The killers stalking the Columbine High School cafeteria

Compare those, says Coulter to thwarted massacres in which the shooter was stopped by an armed member of the crowd. “Winnemucca, Nevada, 2008: Ernesto Villagomez opens fire in a crowded restaurant; a concealed carry permit-holder shoots him dead. Total dead: Two.

“Appalachian School of Law, 2002: Crazed immigrant shoots the dean and a professor, then begins shooting students; as he goes for more ammunition, two armed students point their guns at him, allowing a third to tackle him. Total dead: Three.

“Santee, California, 2001: Student begins shooting his classmates; an off-duty cop who happened to be bringing his daughter to school that day points his gun at the shooter, holding him until more police arrive. Total dead: Two.

“Edinboro, Pennsylvania, 1998: A student shoots up a junior high school dance being held at a restaurant; restaurant owner pulls out his shotgun and stops the gunman. Total dead: One.”

“If what we care about,” continues Coulter, “is saving the lives of innocent human beings by reducing the number of mass public shootings and the deaths they cause, only one policy has ever been shown to work: concealed-carry laws.”

But aren’t guns the enemy? That was the lesson New York’s Westchester Journal News attempted to convey December 22 when it published the names and addresses of gun owners in its community complete with an interactive map on its website showing who owned legally-registered guns. The story prompted a bitter backlash by local gun advocates, who took to the Internet to publish the names and home addresses of the newspaper’s staff.

A screenshot of the Westchester interactive map

In response, on December 28, the newspaper brought in armed guards to stand outside its offices – apparently missing the irony of first lamenting the existence of legal gun owners, then taking refuge behind the same.

Are we foolish to live in fear? No, vigilance is wise, advises Stanislav Mishin in the Russian news outlet Pravda (formerly the official press of the USSR). “Americans, never give up your guns,” he wrote shortly after the Connecticut shootings. “One of the first things [the Soviets] did was to disarm the population,” he noted. “From that point, mass repression, mass arrests, mass deportations, mass murder and mass starvation were all a safe game” for the government.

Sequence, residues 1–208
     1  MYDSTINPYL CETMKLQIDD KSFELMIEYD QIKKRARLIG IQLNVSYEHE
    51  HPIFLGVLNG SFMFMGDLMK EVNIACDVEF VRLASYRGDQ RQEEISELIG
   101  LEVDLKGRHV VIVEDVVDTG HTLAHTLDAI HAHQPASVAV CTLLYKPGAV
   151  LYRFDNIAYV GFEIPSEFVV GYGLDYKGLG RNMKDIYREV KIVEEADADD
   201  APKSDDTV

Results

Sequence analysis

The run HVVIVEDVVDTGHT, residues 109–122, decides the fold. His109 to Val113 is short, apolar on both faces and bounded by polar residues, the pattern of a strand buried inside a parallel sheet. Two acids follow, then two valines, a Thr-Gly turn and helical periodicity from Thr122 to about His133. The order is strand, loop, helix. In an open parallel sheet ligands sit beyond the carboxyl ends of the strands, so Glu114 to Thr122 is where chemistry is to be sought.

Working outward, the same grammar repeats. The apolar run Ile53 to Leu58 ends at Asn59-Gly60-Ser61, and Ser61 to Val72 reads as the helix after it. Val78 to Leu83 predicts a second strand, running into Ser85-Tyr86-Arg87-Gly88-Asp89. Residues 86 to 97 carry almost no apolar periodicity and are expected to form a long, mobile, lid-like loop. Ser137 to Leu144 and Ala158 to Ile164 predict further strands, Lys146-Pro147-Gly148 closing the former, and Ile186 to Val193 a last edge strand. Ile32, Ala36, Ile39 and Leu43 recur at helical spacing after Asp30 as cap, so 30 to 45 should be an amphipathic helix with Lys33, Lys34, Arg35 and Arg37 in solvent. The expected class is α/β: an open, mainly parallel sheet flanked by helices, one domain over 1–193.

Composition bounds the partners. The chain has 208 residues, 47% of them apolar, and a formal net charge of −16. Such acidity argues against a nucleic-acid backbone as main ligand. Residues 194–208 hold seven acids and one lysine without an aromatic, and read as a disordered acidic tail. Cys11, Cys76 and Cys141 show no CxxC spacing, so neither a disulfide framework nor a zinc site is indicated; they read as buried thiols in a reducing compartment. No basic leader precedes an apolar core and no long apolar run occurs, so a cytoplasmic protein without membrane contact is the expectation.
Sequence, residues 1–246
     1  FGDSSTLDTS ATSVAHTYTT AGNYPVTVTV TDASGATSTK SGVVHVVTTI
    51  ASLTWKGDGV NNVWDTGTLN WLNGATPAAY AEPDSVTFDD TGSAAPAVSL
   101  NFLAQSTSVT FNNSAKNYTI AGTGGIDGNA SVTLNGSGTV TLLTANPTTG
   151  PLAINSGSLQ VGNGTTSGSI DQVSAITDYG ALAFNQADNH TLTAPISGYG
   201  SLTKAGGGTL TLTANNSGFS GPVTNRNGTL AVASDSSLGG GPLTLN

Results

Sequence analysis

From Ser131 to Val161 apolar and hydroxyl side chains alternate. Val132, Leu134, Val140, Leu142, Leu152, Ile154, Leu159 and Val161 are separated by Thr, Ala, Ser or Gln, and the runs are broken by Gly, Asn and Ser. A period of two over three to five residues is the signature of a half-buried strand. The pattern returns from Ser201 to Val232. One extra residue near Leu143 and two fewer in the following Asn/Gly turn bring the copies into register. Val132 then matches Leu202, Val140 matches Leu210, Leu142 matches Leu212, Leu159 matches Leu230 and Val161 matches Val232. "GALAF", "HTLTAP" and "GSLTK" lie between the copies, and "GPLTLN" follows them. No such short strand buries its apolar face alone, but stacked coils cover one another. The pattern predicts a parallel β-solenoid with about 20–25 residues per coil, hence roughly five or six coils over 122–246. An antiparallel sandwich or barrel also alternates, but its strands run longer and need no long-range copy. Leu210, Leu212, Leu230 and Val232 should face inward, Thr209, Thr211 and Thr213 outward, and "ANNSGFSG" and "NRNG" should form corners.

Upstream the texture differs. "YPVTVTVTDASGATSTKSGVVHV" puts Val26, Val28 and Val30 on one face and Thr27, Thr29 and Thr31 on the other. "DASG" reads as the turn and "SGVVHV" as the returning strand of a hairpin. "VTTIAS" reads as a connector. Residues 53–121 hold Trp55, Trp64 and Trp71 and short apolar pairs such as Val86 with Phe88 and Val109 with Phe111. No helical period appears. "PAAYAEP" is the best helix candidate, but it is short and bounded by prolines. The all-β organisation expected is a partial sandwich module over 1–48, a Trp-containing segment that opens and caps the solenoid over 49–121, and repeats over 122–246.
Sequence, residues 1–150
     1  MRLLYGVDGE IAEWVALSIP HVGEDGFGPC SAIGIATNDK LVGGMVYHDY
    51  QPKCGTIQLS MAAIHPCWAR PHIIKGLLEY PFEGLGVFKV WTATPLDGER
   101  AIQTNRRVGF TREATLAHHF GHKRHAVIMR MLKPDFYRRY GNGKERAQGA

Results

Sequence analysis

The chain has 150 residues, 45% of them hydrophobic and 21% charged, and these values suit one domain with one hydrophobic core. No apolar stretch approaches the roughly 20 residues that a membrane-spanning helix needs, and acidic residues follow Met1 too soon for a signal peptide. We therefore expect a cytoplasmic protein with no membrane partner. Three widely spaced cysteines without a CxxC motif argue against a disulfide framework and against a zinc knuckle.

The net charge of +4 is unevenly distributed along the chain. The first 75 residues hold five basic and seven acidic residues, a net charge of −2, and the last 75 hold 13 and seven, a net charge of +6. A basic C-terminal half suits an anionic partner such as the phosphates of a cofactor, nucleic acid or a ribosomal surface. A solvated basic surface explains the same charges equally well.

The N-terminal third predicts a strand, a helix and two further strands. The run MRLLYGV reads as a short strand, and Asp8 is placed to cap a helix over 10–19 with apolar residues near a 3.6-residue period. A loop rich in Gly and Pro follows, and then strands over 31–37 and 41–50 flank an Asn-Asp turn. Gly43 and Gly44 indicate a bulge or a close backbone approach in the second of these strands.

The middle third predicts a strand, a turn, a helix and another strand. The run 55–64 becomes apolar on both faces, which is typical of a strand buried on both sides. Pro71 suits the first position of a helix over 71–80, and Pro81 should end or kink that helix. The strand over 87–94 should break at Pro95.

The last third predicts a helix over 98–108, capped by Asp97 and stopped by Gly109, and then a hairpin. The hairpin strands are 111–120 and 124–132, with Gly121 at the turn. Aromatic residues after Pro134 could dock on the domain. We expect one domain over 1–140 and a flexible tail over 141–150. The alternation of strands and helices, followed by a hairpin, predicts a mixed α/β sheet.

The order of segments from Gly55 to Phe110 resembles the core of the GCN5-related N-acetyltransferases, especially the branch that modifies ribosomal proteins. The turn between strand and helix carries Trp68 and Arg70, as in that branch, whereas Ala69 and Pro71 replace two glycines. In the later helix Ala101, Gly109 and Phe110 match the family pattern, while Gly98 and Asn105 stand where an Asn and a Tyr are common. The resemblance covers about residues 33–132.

Even today, the Russian government is not to be trusted, he warned: “While President Putin pushes through reforms, the local authorities, especially in our vast hinterland, do not feel they need to act like they work for the people. They do as they please, a tyrannical class who knows they have absolutely nothing to fear from a relatively unarmed

population. This in turn breeds not respect but absolute contempt and often enough, criminal abuse.”

John Whitehead

Civil rights lawyer John Whitehead, writing in the liberal Huffington Post quotes America’s second president, John Adams: “Fear is the foundation of most governments” and says it is no wonder that Americans are afraid today. “Turn on the TV or flip open the newspaper on any given day, and you will find yourself accosted by reports of government corruption, corporate malfeasance, militarized police and marauding SWAT teams,” writes Whitehead. “America is entering a new phase, one in which children are arrested in schools, military veterans are forcibly detained by government agents because of the content of their Facebook posts, and law-abiding Americans are being subjected to the latest in government spy technology.

“These threats to our freedoms are not to be underestimated. Yet even more dangerous than these violations of our basic rights is the language they are couched in — the language of fear. It is a language spoken effectively by politicians on both sides of the aisle, shouted by media pundits from their cable TV pulpits, marketed by corporations, and codified into bureaucratic laws that do little to make our lives safer or more secure.

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